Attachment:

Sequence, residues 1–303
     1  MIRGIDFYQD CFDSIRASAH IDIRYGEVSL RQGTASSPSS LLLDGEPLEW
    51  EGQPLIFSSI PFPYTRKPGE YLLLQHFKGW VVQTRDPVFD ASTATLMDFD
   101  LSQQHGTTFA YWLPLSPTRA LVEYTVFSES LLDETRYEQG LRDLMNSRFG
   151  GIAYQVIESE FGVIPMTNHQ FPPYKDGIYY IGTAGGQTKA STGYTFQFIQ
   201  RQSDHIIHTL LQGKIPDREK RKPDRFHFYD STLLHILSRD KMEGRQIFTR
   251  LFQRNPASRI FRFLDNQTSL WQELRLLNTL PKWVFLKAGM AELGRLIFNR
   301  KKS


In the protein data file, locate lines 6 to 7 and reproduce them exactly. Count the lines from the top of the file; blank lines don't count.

   201  RQSDHIIHTL LQGKIPDREK RKPDRFHFYD STLLHILSRD KMEGRQIFTR
   251  LFQRNPASRI FRFLDNQTSL WQELRLLNTL PKWVFLKAGM AELGRLIFNR